PHOENIX — Gov. Doug Ducey and ADHS Director Dr. Cara Christ on Wednesday encouraged Arizonans to continue to wear their masks, wash their hands, and avoid large gatherings ahead of the Thanksgiving holiday, and also reiterated the restrictions that remain in place for bars, gyms, and restaurants.
Ducey did not issue any further restrictions during his first press briefing since Oct. 29, reemphasizing a statewide mask mandate, which some local leaders, including Phoenix Mayor Kate Gallego had asked him to implement. Following his remarks, Gallego tweeted saying his "lack of leadership" was "disappointing."
The governor did, however, announce an emergency measure that would require all schools to implement mask policies on school buses and grounds, tasked Dr. Christ to work with Arizona's three main airports -- Phoenix Sky Harbor, Phoenix-Mesa Gateway, and Tucson International -- to offer on-site COVID-19 testing, allocated $25 million to hospitals to boost and support staffing, and extended an executive order for enhanced surveillance of COVID-19 vaccinations.
Here’s what just happened in Arizona— Nicole Grigg (@NicoleSGrigg) November 18, 2020
📍guidance coming out on Thanksgiving
📍$25M for staffing at hospitals
📍schools should do masking policies
📍executive order on enhanced surveillance on vaccinations
📍more testing-wants testing at airports
That’s it thus far. #COVID19
"The truth is, this has been a long haul. You can’t simplify or underestimate the impact this has had on so many Arizonans. And so when I say, we just aren’t out of the woods quite yet, and we need to redouble our efforts, I know these are not easy asks," Ducey told reporters on Wednesday.
"But, it is our ask today. It's my ask," he said.
Watch the full briefing in the player below.
While he did not go so far as to enact a statewide mask ordinance, Ducey reiterated that 90% of the state is under a local or county mask mandate, and that masks are required in a number of businesses, such as restaurants, bars, gyms, and movie theaters.
He also said more messaging will continue to be put out encouraging people to wear masks across the state and at airports, especially since visitors will be making their way to Arizona for the holidays and winter months.
As for the on-site COVID-19 testing at airports, Gov. Ducey said it would be voluntary and is not required.
"This will allow incomers to get tested immediately with quick turn-around," he said.
Gregory E. Roybal, public information officer at Phoenix Sky Harbor International Airport, said in a statement that the airport has a plan in place to begin offering COVID-19 testing "later this month."
"We haven't heard anything yet and look forward to hearing from Department of Health Services on their plan. We are ready to work with them here at Gateway when they are ready to start," said Ryan Smith, director of communications at Phoenix-Mesa Gateway Airport.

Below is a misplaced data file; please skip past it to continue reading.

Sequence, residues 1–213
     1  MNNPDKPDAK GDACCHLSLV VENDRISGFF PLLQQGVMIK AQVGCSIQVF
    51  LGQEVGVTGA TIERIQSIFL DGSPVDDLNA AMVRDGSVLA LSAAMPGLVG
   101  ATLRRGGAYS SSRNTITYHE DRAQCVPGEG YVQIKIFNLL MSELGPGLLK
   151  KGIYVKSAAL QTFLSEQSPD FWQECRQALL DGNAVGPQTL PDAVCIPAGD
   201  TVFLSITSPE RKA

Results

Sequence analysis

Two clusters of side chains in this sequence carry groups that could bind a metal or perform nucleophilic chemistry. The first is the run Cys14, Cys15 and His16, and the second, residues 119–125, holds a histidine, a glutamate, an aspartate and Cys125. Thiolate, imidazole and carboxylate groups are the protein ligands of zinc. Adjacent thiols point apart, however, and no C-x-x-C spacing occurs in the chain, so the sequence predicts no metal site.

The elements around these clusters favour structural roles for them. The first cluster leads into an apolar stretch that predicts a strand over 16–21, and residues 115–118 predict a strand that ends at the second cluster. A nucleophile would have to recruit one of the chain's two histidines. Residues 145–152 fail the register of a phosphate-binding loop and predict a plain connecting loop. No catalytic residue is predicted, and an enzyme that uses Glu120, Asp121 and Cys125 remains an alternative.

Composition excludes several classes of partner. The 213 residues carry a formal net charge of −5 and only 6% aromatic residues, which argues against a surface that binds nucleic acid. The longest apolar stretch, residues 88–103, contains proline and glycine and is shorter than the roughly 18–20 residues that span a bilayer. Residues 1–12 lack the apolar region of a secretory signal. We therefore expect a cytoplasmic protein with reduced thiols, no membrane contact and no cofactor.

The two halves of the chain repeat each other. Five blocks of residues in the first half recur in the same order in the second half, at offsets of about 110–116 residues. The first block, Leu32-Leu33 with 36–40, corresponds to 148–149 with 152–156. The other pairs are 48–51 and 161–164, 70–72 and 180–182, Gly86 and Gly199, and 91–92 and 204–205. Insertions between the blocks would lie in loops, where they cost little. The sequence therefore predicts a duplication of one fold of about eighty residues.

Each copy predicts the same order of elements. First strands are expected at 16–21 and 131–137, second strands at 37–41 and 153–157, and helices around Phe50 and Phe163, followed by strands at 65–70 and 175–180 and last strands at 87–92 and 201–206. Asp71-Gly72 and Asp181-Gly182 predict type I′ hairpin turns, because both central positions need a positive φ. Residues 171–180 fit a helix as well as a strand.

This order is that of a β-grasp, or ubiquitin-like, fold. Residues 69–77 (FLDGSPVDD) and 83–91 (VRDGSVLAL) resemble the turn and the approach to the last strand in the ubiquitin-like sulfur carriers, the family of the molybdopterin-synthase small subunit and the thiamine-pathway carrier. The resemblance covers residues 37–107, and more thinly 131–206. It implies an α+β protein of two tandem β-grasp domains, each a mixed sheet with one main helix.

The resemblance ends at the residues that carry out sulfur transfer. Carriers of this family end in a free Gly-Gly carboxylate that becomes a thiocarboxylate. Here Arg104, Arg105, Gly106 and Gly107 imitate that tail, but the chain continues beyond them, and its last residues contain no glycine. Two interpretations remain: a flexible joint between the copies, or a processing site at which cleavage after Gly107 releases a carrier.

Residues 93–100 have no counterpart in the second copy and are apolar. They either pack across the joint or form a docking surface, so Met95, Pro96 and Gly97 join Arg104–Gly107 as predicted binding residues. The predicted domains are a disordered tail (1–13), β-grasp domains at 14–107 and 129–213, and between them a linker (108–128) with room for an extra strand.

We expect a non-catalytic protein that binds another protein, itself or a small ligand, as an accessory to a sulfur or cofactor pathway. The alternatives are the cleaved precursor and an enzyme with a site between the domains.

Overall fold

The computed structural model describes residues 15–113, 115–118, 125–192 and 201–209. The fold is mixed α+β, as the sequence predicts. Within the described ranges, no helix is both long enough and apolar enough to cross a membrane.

Tucson Airport said in a news release that it would begin offering COVID-19 testing on Nov. 20.
COVID-19 cases in the state have steadily risen since the end of September, according to the Arizona Department of Health Services online dashboard.
Those hospitalized with COVID-19 or suspected of having COVID-19 are also up, according to ADHS’s website.
A total of 3,206 new COVID-19 cases and 53 related deaths were reported on Wednesday, bringing the state’s cumulative total to 283,102 cases and 6,365 deaths. More than 2.3 million tests have been conducted.
The state’s R-naught number, a number officials have used to indicate whether the virus is spreading or slowing, was estimated to be at 1.11 on Wednesday.
Within the last week, new restrictions were implemented in California, Michigan, New Mexico, North Dakota, Pennsylvania, and Washington state, including mask mandates, curfews, and either the closure of or further restrictions on some businesses, like bars, gyms, and restaurants.
Aside from Greenlee County, every county in Arizona, including Maricopa, remains in the “moderate” phase of business reopening, which limits restaurants, bars, and waterparks to 50% capacity and gyms to 25% capacity.
For schools, aside from Greenlee County, every county remains in the “moderate” phase, which recommends hybrid learning, a mix between virtual and in-person.
However, as ABC15 has reported, more districts and schools in the Phoenix area have reported cases and reverted back to virtual learning, either temporarily or for the rest of the semester after seeing positive cases increase.
On Tuesday, ABC News obtained a report from the White House that said Arizona was seeing a “significant” increase in COVID-19 cases and that further efforts were needed to mitigate or slow the spread.